Free efficiency gains, no investment required (other than tooling if you don’t already have it), better parts, potential longer tool and machine life, happier operators…

How much better can it get?

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Modig’s HHV – Changing the Way of Manufacturing

Innovative manufacturing solutions are the standard for Modig Machine Tool’s offerings, and the HHV line is further proof of this. Consisting of the Modig HHV-3 and HHV-2, both machines in this line are ready to offer your operation serious return on investment.

The Modig HHV-3 (formerly known as the Extrusion Mill or BarMill) has the ability to rotate 200-inch bar stock to allow for all-around access for aluminum milling of 3- and 4-axis parts within a 6″ x 10″ cross section in one operation. Reducing raw material waste by 20-30% and boasting faster cycle times of 40-60%, this revolutionary machine is ready to optimize your production while lowering costs. Machining aluminum or composite extrusions, the HHV-3 is ready to optimize aerospace production seat tracks, floor beams, stringer clips/brackets, fuselage stringers, or fuselage floor grid components, and various automotive components. Perfectly designed for all extrusions up to 60 feet long, this machine has three chucks to guarantee higher accuracy on long parts. This is ideal for parts such as seat tracks, with two chucks holding the piece at all times to reduce slippage between shuttling. The ground-breaking rotatory chuck design allows the HHV to control the reference jaw by using the CNC system, allowing for the jaw to clamp surfaces machined to a new position.

The Modig HHV-2 (formerly known as the HHV Professional) is a smaller version of the HHV-3. It utilizes two chucks instead of three. This extrusion mill also offers reduced cycle times and less raw material waste compared to traditional machining methods.

When Modig Machine Tool was founded in 1947, offering customers the same industry standards as the rest was never the goal. Modig has always focused on exceeding the norm through constant advancement, unparalleled quality, and a tireless ingenuity. Innovation is a brand standard at Modig Machine Tool, and this is exemplified masterfully by the HHV line. Manufacturing companies who have experienced Modig’s game-changing technologies, like Accurus Aerospace, love the improvements to productivity combined with the support and industry expertise of the Hartwig and Modig teams.

Video Testimonial from Accurus Aerospace:

See the Modig HHV in Action:

For more information, please contact your local Hartwig office or click here.


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Preventive Maintenance Provides Peace of Mind, Minimizes Costs and Downtime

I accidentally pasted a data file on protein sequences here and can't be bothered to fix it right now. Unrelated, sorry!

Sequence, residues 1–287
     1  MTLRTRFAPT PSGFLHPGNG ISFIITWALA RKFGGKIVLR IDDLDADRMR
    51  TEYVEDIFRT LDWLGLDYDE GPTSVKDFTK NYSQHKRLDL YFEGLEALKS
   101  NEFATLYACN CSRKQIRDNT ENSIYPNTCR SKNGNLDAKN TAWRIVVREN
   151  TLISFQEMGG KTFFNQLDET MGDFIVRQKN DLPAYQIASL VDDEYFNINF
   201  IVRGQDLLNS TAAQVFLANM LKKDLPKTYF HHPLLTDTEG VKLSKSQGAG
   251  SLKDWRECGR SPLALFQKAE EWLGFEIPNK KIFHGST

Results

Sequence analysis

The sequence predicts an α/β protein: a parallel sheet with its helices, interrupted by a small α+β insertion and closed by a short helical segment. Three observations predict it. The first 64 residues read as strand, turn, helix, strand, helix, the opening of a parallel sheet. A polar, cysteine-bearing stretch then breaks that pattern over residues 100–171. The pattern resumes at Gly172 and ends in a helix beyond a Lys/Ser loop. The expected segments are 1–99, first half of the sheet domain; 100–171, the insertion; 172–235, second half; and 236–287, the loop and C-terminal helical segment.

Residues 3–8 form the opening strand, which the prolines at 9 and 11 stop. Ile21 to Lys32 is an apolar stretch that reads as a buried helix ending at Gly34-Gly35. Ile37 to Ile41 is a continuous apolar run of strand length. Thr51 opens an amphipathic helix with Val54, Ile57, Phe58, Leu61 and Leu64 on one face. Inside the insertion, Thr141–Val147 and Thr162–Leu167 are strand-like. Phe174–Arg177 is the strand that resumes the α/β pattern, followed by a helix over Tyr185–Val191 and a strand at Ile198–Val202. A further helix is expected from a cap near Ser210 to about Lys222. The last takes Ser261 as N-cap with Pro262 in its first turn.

When you hear the words “preventive maintenance” what comes to mind? Do you shudder at the thought of taking a machine tool out of production, losing precious time and money? Or are you meticulous about taking care of your investment so it will last for the long haul?

At Hartwig, we encourage our customers to have a proactive preventive maintenance plan in place for all machine tools and accessory equipment in their shop. Regular inspections and service can help to significantly reduce unnecessary downtime, lost production, late deliveries and expensive machine repairs.

Regular inspection and service lessens the likelihood of equipment failure. Preventative maintenance is performed while the equipment is still working so it does not break down unexpectedly.

While Okuma lathes are rugged and highly reliable, they even require routine maintenance. Robbie Williams, Applications Engineer for Okuma America Corporation posted this handy checklist of typical lathe maintenance items.

Daily Care and Feeding of Your CNC Machine

  • Check hydraulic pressure to make sure it’s at 4.5 MPa
  • Check hydraulic fluids to make sure they’re at the right operating level
  • Check to make sure the chuck pressure is at the right operating pressure
  • Make sure the way lube level is at the right operating level, and replenish if needed
  • If your CNC machine has a cooling system, make sure the cooling unit level is at the right operating level
  • Clean the chips out of the chip pan, and grease any part that may need to be greased
  • Clean off the window of the door and the light so you can see inside your machine
  • Wipe down any stainless steel way covers and lubricate them with hydraulic oil so they move smoothly

On a weekly basis, or every 40 hours, take the filter off the CNC control cabinet and clean it so air will be able to flow through for cooling.

Every Three Months or 500 Hours

  • Check and grease the chain on the chip conveyor
  • Check and clean the filters on the coolant tank

Every Six Months or 1000 Hours
Contact Hartwig to have the following preventive maintenance performed by our certified technicians:

  • Have the coolant tank cleaned of sludge, chips, and oil
  • Have the chuck and jaws taken off the machine and cleaned
  • Have the hydraulic tank drained and replace the hydraulic oil with fresh hydraulic oil – also have the line filter and suction filter changed
  • Have the radiator cleaned and make sure the radiator fins are straight
  • Have the lubrication unit drained and cleaned out – then add fresh way lube
  • If your machine is equipped with a cooling unit, have the unit drained and refilled
  • Have the leveling of your machine checked and adjust if necessary